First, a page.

Picture this: Early 1980s London, brokers and traders jostling in the early hours of the morning, shouting out the buying and selling orders on the floor of the stock exchange.
Though this on-the-floor trading went on for many years, it didn’t take long for the scenario to turn on its head, thanks to the ‘Big Bang’ on October 27, 1986. With sudden deregulation of the markets, the trading floor now wore a desolate look.
While having all those real traders in one place provided a sense of community and continuity, brokers and traders who used to rely on fast reflexes were now dependent on computer programs.
London’s switch from traditional face-to-face share dealing with electronic trading not only helped it outpace its European competitors but also cemented the city as the world’s most important financial centre.
ROLE OF TECHNOLOGY IN CAPITAL MARKETS
As businesses adopt innovative financial solutions in payments and financing, technology is reshaping economies. Capital markets, too, have come under its realm, with the sector continually evolving and transforming.
With rapid innovation, AI platforms are also enabling real-time detection of complicated trading patterns across various marketplaces. Not just this, by opening the doors for investors to top stock suggestions every day, the trading community has increased earnings by providing optimal trading opportunities.
FUTURE TRENDS IN CAPITAL MARKETS
Capital markets are already using data and analytics to improve security, fraud detection, as well as for identity verification to meet regulatory and compliance requirements. Machine learning, the evolution of data analytics, is currently being deployed in trading, where volumes of data are leveraged in milliseconds.
Many firms analyse speech patterns from recorded calls at investment banks, brokerages, and even on the customer side. These smart algorithms can detect new trade trends or system abuse in the fast-paced financial trading industry, where the speed of judgement is critical, and automating the decision-making process is the way to go.
These algorithms have evolved to understand financial goals and risk profiles to come up with tailored investment portfolios that reallocate funds, book profits, and square off positions based on self-learning algorithms.
Diving deeper, machine learning has a myriad of use cases from analysing stock performance to deciphering relevant information from volumes of data from textual material such as press releases, earnings reports or even tweets!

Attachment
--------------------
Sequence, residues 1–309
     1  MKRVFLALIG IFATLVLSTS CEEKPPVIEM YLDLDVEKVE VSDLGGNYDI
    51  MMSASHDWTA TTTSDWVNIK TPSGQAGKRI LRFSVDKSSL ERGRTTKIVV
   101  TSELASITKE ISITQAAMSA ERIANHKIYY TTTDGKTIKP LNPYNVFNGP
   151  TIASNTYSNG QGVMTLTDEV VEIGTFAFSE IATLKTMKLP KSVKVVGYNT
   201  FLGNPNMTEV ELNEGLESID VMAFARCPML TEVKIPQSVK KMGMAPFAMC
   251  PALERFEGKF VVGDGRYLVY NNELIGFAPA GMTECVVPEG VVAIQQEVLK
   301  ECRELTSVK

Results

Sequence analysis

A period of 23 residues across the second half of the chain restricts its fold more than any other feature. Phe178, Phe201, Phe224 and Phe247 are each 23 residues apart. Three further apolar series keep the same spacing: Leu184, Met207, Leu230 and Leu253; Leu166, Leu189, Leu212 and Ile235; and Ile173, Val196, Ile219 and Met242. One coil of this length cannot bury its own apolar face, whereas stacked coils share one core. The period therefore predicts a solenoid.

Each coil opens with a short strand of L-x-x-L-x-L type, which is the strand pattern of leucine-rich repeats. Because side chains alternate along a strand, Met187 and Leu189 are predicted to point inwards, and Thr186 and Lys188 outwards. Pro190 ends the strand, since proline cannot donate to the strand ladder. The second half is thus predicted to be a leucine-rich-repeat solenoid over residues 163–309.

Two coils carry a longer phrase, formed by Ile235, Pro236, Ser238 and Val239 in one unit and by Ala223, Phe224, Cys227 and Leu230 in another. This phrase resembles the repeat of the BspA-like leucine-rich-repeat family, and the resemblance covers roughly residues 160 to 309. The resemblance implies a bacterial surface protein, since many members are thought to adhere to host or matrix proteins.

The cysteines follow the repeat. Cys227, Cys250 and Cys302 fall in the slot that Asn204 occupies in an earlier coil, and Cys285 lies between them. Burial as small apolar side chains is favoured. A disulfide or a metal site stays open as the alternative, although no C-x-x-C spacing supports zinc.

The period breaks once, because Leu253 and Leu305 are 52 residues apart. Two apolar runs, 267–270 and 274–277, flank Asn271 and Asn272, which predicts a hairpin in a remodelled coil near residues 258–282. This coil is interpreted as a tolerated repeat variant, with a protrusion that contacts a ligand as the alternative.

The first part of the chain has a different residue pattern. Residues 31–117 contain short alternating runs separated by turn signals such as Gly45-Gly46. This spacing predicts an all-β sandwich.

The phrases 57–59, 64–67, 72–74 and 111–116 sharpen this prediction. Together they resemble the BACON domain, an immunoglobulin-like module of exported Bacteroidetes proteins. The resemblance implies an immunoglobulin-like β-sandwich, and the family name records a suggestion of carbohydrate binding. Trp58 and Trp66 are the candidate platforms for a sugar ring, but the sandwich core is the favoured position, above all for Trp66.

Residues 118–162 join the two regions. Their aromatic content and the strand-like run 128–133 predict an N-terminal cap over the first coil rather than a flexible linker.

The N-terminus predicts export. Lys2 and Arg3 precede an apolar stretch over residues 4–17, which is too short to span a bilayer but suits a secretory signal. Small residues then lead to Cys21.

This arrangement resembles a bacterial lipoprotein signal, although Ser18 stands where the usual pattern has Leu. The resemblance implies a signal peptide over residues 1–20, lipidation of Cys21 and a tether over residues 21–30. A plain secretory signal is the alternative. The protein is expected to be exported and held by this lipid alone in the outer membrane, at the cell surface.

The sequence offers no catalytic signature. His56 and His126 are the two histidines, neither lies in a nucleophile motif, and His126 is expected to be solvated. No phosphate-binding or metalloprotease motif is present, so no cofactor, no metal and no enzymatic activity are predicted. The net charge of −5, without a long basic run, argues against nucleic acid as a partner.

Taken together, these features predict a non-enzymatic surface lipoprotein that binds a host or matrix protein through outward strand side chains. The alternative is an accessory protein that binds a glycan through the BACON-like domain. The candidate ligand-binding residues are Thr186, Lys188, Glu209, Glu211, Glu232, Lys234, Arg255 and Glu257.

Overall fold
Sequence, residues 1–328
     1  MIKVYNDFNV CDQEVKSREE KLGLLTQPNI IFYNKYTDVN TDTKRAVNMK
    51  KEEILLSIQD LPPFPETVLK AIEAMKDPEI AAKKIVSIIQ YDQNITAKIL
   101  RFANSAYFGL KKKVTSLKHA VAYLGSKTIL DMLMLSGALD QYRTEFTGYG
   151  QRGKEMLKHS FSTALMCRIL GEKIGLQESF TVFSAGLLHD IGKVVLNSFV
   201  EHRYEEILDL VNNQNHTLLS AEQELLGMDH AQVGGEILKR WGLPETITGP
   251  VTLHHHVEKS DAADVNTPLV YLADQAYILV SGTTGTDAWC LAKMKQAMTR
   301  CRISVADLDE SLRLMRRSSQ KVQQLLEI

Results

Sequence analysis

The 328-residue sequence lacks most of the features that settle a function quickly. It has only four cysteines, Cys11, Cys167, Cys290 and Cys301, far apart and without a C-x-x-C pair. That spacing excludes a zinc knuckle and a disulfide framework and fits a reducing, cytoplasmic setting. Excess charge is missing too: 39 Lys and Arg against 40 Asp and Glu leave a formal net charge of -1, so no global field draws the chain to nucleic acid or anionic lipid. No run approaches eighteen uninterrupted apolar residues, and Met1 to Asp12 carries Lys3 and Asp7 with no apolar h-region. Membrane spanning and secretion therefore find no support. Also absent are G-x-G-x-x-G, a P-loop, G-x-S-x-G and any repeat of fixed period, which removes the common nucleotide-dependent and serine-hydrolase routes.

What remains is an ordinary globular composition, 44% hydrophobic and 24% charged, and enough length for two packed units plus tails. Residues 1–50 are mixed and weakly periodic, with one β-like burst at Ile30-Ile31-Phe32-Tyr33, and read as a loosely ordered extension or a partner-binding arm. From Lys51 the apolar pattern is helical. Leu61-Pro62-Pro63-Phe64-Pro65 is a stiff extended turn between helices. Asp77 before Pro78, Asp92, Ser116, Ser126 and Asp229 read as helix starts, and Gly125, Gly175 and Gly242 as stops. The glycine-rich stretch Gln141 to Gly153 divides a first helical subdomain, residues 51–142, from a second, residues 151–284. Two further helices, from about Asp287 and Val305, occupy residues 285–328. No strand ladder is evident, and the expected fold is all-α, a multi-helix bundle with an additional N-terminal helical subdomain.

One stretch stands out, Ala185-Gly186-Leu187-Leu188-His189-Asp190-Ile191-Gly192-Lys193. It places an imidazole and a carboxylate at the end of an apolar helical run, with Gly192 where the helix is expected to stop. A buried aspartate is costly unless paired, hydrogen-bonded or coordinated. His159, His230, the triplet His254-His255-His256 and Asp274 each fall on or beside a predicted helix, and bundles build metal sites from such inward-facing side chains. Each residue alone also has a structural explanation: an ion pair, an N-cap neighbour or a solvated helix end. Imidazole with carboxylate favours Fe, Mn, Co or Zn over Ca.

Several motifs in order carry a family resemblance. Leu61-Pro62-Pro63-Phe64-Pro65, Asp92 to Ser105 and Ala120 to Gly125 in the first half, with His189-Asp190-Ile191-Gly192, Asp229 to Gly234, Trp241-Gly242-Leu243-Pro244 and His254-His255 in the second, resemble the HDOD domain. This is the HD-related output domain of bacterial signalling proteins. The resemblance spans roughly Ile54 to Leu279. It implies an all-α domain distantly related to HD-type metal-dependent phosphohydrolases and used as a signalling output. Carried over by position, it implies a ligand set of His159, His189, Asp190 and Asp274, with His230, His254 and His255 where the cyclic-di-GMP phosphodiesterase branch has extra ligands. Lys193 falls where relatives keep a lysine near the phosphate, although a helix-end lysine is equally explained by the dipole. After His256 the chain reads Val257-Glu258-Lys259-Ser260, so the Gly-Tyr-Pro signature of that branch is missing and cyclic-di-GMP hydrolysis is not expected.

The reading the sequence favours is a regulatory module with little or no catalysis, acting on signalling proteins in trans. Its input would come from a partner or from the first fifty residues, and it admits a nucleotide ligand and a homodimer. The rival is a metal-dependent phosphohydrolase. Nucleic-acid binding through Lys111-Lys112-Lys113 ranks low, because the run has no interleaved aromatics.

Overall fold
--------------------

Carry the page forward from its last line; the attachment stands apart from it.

Additionally large data samples require advanced storage and are ushering in the next generation of cloud architecture.
Blockchain or distributed ledger has the potential not only to store but also provide relevant information to a new scale, along with being cost effective. Distributed ledgers have already had success in bond issuances in global markets, loan syndication and securitisation or any process that requires a chain of evidence.
THE OTHER SIDE OF THE PICTURE
Like everything else in the world, technological advancements tend to often have a flip side. Great tech transformations come with great risks such as cybersecurity, technical product glitches, et al. The stock market meltdown of 1987 was in part due to the immaturity of the new technologies.
Closer home, as recently as June 2021, a serious data breach on a leading online trading platform in India caused customers’ data to be put up for sale on a data-sharing platform.
While these incidents may be few and far between, being cautious and taking steps such as upgrading security, initiating password systems, 24x7 monitoring, and additionally ring-fencing the network will help towards keeping such instances at bay.
Remember, technological innovations take time but developing communication technologies holds the promise of making capital markets more efficient with faster and more effective means of exchanging information.
DRIVING THE FUTURE
India’s capital markets technology is today at a crossroads, with the markets developing and tech defining the future of the industry. Due to stiff competition not only from around the globe, but especially on the home turf, both legacy and new-age firms need to continually evolve and scale up their technology to stay relevant and grow the capital markets ecosystem in the coming years.
Data and computing are important accelerators for technology-driven capital market reforms and the way forward is to make use of technology and apply it in novel ways to grow the markets.
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